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Before going on to the next chapter, study the below summary to be sure that you understand the important points of this chapter.

THE ELECTROSTATIC FIELD - When a charged body is brought close to another charged body, the bodies either attract or repel one another. (If the charges are alike they repel; if the charges are opposite they attract). The field that causes this effect is called the ELECTROSTATIC FIELD. The amount by which two charges attract or repel each other depends upon the size of the charges and the distance between the charges. The electrostatic field (force between two charged bodies) may be represented by lines of force drawn perpendicular to the charged surfaces. If an electron is placed in the field, it will move toward the positive charge.

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CAPACITANCE - Capacitance is the property of a circuit which OPPOSES any CHANGE in the circuit VOLTAGE. The effect of capacitance may be seen in any circuit where the voltage is changing. Capacitance is usually defined as the ability of a circuit to store electrical energy. This energy is stored in an electrostatic field. The device used in an electrical circuit to store this charge (energy) is called a CAPACITOR. The basic unit of measurement of capacitance is the FARAD (F). A one-farad capacitor will store one coulomb of charge (energy) when a potential of one volt is applied across the capacitor plates. The farad is an enormously large unit of capacitance. More practical units are the microfarad (mF) or the picofarad (pF).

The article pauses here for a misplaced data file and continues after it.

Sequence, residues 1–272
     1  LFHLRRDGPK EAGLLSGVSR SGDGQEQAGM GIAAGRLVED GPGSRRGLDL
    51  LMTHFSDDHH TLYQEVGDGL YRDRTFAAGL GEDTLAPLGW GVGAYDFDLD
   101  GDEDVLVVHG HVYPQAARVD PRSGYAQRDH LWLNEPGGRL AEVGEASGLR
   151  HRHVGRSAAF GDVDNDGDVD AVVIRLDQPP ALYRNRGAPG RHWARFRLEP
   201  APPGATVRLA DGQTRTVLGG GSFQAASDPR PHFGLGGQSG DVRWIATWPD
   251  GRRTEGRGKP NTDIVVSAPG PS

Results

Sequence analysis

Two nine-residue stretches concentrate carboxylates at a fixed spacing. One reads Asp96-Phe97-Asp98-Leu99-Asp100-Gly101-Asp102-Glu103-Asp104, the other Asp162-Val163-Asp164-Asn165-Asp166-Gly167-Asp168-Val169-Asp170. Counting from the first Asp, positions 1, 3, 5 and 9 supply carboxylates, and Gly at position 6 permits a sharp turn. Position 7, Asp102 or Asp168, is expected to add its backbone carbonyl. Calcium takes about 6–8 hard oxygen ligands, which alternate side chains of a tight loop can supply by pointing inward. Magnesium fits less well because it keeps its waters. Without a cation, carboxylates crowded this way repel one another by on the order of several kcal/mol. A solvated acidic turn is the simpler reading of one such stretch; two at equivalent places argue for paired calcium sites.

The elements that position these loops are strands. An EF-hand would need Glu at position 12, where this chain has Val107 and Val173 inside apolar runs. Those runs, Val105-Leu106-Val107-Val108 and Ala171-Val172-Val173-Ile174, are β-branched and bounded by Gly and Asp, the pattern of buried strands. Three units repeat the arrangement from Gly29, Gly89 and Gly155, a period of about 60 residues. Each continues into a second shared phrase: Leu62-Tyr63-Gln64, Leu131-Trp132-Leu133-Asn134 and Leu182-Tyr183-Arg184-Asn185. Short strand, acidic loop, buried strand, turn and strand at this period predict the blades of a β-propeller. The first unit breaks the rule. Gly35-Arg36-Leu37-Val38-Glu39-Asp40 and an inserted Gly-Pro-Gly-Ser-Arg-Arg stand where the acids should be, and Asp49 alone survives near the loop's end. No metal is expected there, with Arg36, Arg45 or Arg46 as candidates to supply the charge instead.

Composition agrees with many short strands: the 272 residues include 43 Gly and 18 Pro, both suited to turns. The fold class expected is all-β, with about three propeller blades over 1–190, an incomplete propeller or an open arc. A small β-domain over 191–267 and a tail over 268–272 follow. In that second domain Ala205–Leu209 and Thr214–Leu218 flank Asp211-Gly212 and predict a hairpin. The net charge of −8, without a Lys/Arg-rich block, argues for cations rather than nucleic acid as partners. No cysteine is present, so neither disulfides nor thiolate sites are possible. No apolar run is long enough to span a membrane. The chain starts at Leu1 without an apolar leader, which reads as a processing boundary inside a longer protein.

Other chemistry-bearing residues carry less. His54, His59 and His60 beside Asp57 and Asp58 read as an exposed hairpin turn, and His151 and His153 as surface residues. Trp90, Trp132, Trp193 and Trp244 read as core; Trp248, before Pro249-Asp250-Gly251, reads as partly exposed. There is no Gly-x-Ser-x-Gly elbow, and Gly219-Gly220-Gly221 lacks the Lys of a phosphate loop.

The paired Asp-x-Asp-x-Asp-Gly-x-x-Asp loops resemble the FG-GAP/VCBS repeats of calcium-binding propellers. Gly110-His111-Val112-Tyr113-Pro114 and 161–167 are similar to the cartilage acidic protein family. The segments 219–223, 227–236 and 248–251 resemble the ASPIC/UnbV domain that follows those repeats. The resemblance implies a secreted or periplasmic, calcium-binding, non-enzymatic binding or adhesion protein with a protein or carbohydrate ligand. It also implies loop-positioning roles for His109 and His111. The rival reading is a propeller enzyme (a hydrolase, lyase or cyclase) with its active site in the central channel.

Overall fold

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CAPACITOR - A capacitor is a physical device consisting of two pieces of conducting material separated by an insulating material. This insulating material is referred to as the DIELECTRIC. Because the dielectric is an insulator, NO current flows through the capacitor. If the dielectric breaks down and becomes a conductor, the capacitor can no longer hold a charge and is useless. The ability of a dielectric to hold a charge without breaking down is referred to as the dielectric strength. The measure of the ability of the dielectric material to store energy is called the dielectric constant. The dielectric constant is a relative value based on 1.0 for a vacuum.

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CAPACITORS IN A DC CIRCUIT - When a capacitor is connected to the terminals of a battery, each plate of the capacitor becomes charged. The plate connected to the positive terminal loses electrons. Because this plate has a lack of electrons, it assumes a positive charge. The plate connected to the negative terminal gains electrons. Because the plate has an excess of electrons, it assumes a negative charge. This process continues until the charge across the plates equals the applied voltage. At this point current ceases to flow in the circuit. As long as nothing changes in the circuit, the capacitor will hold its charge and there will be no current in any part of the circuit. If the leads of the capacitor are now shorted together, current again flows in the circuit. Current will continue to flow until the charges on the two plates become equal. At this point, current ceases to flow. With a dc voltage source, current will flow in the circuit only long enough to charge (or discharge) the capacitor. Thus, a capacitor does NOT allow dc current to flow continuously in a circuit.